As we stated in a previous blog, fewer people are buying homes than in the past 50 years. On top of that, many people are having some serious buyer’s remorse — in fact, nearly 70 percent of millennials who have bought their home regret doing so.
We’ve started to touch on this in prior blogs, but this presents an incredibly unique opportunity for you, as someone who invests in rental properties. Considering nearly half of all millennials are currently renting, the window is significantly open for you to provide a need that is in high demand. Take a look at some of the reasons why people aren’t as keen to buy a house (and how a non-recourse loan could help you get in on the market), and apply with our non-recourse lenders at First Western Federal Savings Bank.
Millennials and Home Buying
Millennials are the generation most frequently talked about in the real estate and home buying world, and so much of this is because they are the next generation of young adulthood. When comparing the millennial generation with the Gen Xers and the baby boomers, they’re experiencing some financial strife and grief that hasn’t happened for previous age groups. Additionally, they’re the generational group with some of the lowest home buying rates, compared to similar data of people at that age, at different points in time.
So, why exactly aren’t millennials buying homes? Our non-recourse loan lenders take a further look:
Wages That Can’t Keep Up
Finding lower priced homes used to be relatively easy, depending on location. Nowadays, and as we’ve talked about in previous posts, mortgage rates are higher, and the same goes for house prices. This would be all fine and well if wages were rising just as consistently, but this hasn’t been the case. Buying a house is one of the greatest expenses in life, and fewer people are able to afford this type of investment.
More Debt, Less Savings
As CNBC reported, 80 percent of millennials are interested in buying a house, but most of this generation have less than $1,000 saved. This is not due to laziness, although the occasional baby boomer have been noted to think otherwise — this again points to wages that cannot meet the demands of the housing market, and area where prices have only continued to increase. Additionally, student loan debt racks nearly three-fourths of college graduates, with the average amount of college graduates from 2017 being $39,400.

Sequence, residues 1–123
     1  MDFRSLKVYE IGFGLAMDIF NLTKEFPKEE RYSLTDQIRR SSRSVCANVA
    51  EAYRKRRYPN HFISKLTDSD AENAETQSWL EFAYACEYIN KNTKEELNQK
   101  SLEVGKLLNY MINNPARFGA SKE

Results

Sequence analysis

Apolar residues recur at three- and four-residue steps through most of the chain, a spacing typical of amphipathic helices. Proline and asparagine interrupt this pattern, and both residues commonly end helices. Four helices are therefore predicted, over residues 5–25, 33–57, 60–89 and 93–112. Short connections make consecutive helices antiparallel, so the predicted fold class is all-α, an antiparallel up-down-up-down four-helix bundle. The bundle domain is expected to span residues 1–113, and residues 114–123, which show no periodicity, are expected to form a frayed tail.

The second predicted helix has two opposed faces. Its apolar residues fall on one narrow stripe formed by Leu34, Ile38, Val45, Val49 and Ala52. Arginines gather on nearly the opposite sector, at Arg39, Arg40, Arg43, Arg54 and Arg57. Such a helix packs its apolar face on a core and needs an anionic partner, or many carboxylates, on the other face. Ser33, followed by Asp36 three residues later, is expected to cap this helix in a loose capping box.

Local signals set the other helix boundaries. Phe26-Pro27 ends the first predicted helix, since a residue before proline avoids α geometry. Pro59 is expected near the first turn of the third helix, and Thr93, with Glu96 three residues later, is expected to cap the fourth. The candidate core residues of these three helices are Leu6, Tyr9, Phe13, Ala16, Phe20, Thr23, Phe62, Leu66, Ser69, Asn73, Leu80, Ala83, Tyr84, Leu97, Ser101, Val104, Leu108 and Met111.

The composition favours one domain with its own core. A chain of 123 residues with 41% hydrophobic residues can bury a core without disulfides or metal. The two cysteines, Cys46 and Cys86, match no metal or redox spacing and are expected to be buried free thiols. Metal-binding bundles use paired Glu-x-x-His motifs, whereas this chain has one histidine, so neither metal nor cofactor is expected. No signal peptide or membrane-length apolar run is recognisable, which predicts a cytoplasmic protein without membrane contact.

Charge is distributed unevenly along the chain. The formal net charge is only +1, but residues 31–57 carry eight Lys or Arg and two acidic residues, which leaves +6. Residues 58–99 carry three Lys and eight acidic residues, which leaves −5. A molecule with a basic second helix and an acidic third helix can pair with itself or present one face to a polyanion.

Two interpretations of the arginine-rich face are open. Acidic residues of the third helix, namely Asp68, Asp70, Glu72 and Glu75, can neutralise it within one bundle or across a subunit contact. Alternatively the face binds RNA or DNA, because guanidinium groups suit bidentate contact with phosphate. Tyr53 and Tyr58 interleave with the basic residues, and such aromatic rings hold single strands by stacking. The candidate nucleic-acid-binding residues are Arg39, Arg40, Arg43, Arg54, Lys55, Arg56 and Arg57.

In today’s society, people have to go to college if they want any chance of getting most jobs, and this degree sets them back financially for years — if not decades. Not to mention, paying off student loan debt, while having wages that are far inferior to what they should be, makes it nearly impossible to save for a down payment — let alone take on the expenses that come with home ownership.
It could be due to the near-hopeless nature that most millennials feel in regards to buying a house, it could be simply having a zest for exploration than previous generations have not collectively felt, but in this chicken-vs.-egg debate, the fact remains: most millennials prefer experiences to buying a home. Forbes reported the millennials as “the most important consumer generation for the travel industry.” There seems to be an overall trend in millennials caring less about buying a home and settling in one place, and more about exploring, moving around, trying different career paths, and seeing whatever they can.
It should be noted that people who are white have an easier time getting a mortgage than people of color. In 2015, the Pew Research Center reported that denial rates were significantly higher for African American and Hispanic households — 27.4 percent and 19.2 percent, respectively, compared to 10 percent for white households. This is unfortunately not anything new, as people of color have long been denied housing or mortgages due to racial biases. With as diverse a nation as the United States is, it’s not only important and equitable, but necessary for all potential homebuyers to be considered fairly — when applying for mortgages, and in every other aspect of life as well.
Fear of Failure
After the housing crisis of 2008, many are still reeling, and many are still fearful of experiencing similar problems. While millennials were not all buying homes back then, they’ve heard enough from family members and the news to know that there are risks associated with buying a house. Pair this with the fact that nearly 70 percent of millennials who have bought a home regret doing so, and it makes sense that millennials know very few people in their age range who are homeowners — and satisfied at that.
Why You Should Invest in Rental Properties
Millennials — and most people in the United States, for that matter, are choosing to rent for all of these reasons, and so many more. Regardless of their reasons, it practically goes without saying that now is an exceptional time for you to get involved with rental properties. This is an area that demands attention, and the needs of the housing market show no signs of slowing. People aren’t going to stop renting any time soon, and now’s your chance to invest in a solid and profitable opportunity.
Non-recourse loans are specifically designed for the purpose of obtaining a property to turn into a rental, such as for a vacation rental or for long-term tenants. With the non-recourse lenders at First Western Federal Savings Bank, you’ll be set to invest in properties that provide equity, as well as added revenue from rental income. With fewer people buying homes than in the most recent five decades, there has never been a better time to get invested in rental properties. Review our necessary and required documentation today before applying, view our YouTube channel, and get started on your non-recourse loan application today! We look forward to hearing from you.